Gabrielino High School

Art in Motion class creates stop motion animation videos

In 2012, Gabrielino High School’s art teacher Kat Ross introduced her Art in Motion class to stop motion animation when she was inspired by Australian artist Benjamin Ducroz’s stop motion piece, the Möbius Strip. This year, her Art in Motion class continued with their annual tradition of creating a stop motion video to showcase at the Renaissance Rally that occurs at the end of the school year. 

Typically shown with clay figures, puppets, and miniatures, stop motion animation is a technique in which animators bring static objects to life by moving said objects in small increments and playing the frames in sequence.

For this year’s video, Ross’ students voted on animal heads as their theme, each of them in charge of creating their own animal head out of papier-mâché to be used in the film.

In order to ensure that everyone’s ideas are heard, each student receives a day in which he or she is able to direct the video. The director can instruct the other students to obtain specific camera angles, act out a particular scene with certain objects involved, or even change the location of the piece to another part of campus.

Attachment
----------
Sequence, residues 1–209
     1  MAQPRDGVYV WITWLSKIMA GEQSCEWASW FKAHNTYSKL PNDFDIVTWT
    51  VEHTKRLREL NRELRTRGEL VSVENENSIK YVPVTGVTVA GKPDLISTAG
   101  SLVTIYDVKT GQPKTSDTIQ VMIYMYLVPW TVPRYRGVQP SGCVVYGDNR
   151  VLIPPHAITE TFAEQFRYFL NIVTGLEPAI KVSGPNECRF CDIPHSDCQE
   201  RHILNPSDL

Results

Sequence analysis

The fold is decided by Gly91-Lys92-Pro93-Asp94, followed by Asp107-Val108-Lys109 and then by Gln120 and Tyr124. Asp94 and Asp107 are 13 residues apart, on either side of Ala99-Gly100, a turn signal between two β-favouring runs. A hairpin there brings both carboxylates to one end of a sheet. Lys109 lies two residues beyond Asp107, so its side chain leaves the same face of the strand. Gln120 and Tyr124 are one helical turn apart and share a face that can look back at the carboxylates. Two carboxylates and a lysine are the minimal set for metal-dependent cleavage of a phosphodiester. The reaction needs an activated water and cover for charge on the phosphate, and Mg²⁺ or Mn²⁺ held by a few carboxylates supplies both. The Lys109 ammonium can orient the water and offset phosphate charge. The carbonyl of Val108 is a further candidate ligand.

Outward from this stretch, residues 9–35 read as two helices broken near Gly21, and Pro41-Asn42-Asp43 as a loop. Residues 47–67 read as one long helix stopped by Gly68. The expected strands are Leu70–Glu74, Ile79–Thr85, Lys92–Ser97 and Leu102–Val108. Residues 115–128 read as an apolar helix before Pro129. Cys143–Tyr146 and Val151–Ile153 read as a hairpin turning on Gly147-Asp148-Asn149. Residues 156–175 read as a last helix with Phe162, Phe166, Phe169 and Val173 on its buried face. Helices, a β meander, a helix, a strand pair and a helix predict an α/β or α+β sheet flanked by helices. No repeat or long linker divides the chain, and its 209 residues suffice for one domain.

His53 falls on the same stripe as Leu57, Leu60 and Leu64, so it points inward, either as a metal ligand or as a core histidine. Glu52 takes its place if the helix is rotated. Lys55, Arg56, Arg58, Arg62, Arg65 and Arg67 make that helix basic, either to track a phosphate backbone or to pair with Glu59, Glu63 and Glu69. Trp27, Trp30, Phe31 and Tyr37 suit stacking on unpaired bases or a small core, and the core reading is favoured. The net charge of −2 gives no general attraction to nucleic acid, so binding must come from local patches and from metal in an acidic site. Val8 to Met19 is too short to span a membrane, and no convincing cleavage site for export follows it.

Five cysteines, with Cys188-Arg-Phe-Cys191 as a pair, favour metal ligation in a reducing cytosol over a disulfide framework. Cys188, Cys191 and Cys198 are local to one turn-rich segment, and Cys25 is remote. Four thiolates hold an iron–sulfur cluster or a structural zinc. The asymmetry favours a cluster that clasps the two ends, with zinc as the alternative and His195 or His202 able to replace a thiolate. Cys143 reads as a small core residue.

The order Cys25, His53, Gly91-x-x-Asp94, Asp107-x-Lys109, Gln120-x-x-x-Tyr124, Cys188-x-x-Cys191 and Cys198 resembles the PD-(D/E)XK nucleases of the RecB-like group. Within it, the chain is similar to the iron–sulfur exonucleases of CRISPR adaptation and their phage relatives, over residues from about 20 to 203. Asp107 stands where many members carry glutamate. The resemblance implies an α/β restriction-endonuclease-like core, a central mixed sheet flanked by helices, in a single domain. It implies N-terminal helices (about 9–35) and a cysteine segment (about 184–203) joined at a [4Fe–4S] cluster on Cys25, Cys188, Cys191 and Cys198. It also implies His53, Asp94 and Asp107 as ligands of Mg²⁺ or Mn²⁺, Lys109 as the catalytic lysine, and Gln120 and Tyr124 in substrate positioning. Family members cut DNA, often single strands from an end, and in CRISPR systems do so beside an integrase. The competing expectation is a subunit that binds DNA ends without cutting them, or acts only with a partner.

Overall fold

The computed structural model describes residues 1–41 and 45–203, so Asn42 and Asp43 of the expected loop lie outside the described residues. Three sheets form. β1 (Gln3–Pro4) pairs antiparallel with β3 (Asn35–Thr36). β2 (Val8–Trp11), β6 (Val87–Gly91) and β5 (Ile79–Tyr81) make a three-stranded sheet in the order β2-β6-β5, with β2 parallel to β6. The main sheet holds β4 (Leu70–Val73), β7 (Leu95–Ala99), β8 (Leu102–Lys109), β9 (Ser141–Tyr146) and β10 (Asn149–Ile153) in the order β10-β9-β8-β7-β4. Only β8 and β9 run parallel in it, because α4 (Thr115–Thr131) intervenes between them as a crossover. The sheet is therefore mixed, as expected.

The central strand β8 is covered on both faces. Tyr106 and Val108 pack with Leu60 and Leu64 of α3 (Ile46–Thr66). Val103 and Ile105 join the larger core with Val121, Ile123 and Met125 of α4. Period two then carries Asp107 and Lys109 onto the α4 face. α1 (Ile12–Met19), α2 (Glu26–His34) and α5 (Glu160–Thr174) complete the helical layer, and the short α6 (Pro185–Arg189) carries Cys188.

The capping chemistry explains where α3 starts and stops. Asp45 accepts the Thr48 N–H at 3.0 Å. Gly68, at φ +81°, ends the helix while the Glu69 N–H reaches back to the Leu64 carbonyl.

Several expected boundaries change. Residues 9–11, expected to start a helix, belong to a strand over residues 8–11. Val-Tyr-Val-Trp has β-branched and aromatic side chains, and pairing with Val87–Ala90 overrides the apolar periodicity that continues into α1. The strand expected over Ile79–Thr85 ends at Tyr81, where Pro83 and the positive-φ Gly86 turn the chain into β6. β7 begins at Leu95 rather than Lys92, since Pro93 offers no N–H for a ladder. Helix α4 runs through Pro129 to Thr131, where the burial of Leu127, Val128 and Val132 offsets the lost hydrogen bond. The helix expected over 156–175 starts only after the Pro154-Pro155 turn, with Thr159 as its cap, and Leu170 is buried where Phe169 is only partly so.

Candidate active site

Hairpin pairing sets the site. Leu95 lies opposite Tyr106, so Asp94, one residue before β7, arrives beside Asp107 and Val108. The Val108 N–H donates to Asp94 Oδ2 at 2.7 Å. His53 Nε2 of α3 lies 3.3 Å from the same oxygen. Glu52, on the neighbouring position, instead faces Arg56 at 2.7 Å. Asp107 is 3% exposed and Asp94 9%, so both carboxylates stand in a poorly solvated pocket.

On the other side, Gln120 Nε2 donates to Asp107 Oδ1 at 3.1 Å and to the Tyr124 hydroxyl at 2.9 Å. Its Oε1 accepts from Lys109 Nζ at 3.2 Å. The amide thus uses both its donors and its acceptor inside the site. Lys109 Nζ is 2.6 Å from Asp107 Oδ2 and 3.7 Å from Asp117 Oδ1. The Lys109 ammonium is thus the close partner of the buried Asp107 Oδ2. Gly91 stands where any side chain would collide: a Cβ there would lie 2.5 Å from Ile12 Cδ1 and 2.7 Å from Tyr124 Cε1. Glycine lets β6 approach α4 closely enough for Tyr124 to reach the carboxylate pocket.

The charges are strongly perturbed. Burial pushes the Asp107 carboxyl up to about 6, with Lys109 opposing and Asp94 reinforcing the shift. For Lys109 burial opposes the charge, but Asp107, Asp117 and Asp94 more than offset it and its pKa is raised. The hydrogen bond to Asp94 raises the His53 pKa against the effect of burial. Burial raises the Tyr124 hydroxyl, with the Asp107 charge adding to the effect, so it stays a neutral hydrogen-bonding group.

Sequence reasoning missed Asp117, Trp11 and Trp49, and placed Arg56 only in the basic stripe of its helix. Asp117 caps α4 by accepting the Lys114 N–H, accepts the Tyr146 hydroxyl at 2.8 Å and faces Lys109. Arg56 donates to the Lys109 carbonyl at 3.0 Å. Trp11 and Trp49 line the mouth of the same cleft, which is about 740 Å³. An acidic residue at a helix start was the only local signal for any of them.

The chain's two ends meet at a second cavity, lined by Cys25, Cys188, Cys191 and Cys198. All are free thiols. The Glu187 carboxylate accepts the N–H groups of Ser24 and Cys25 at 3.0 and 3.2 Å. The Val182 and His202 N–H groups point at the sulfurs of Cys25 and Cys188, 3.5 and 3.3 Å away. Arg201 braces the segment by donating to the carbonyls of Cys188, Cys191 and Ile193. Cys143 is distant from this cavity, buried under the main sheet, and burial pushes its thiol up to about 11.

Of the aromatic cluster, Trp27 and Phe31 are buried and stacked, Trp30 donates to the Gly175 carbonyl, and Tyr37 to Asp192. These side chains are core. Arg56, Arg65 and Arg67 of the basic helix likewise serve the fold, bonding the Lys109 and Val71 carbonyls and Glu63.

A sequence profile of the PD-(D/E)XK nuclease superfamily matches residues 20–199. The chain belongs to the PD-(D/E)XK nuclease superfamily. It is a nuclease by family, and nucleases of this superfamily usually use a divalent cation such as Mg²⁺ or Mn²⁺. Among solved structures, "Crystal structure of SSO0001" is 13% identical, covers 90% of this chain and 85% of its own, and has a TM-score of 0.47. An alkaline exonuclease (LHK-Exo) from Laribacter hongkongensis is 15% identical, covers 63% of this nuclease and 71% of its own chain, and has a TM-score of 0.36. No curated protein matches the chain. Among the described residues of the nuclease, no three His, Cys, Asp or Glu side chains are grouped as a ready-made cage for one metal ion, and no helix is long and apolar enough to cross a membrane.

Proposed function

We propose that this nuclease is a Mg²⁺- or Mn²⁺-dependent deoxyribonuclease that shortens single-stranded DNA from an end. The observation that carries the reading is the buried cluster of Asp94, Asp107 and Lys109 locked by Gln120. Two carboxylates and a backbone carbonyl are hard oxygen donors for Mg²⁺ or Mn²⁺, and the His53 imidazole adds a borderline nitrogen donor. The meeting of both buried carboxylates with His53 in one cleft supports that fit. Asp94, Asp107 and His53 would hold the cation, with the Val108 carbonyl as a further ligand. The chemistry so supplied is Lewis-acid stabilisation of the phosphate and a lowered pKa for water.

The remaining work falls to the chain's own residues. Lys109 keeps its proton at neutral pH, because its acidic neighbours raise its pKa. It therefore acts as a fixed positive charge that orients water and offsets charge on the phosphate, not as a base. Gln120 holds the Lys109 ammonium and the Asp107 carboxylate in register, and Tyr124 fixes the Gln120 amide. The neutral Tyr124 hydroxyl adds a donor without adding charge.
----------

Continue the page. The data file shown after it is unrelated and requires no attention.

At the end of the filming process, each student is in charge of editing their own scene, allowing them to add their own personal take to the video.

“It’s difficult to start at first because [we] have a hard time coming up with a concept,” said junior Henry Wilson, “but the best part is when we’re able to play back the footage and see the product come to life.”

Although the movement of the objects in the video may seem simple on film, the process of creating a stop motion animation takes three weeks to two months. However, the other students have commented that the long journey is worth the endeavor, as the video is a culmination of all their hard work.

“From this project, students are able to learn how sounds and visuals correspond,” stated Ross. “As they direct, they discover how to effectively communicate their ideas to other people.”


Other stop motion videos made by Gabrielino students can be found at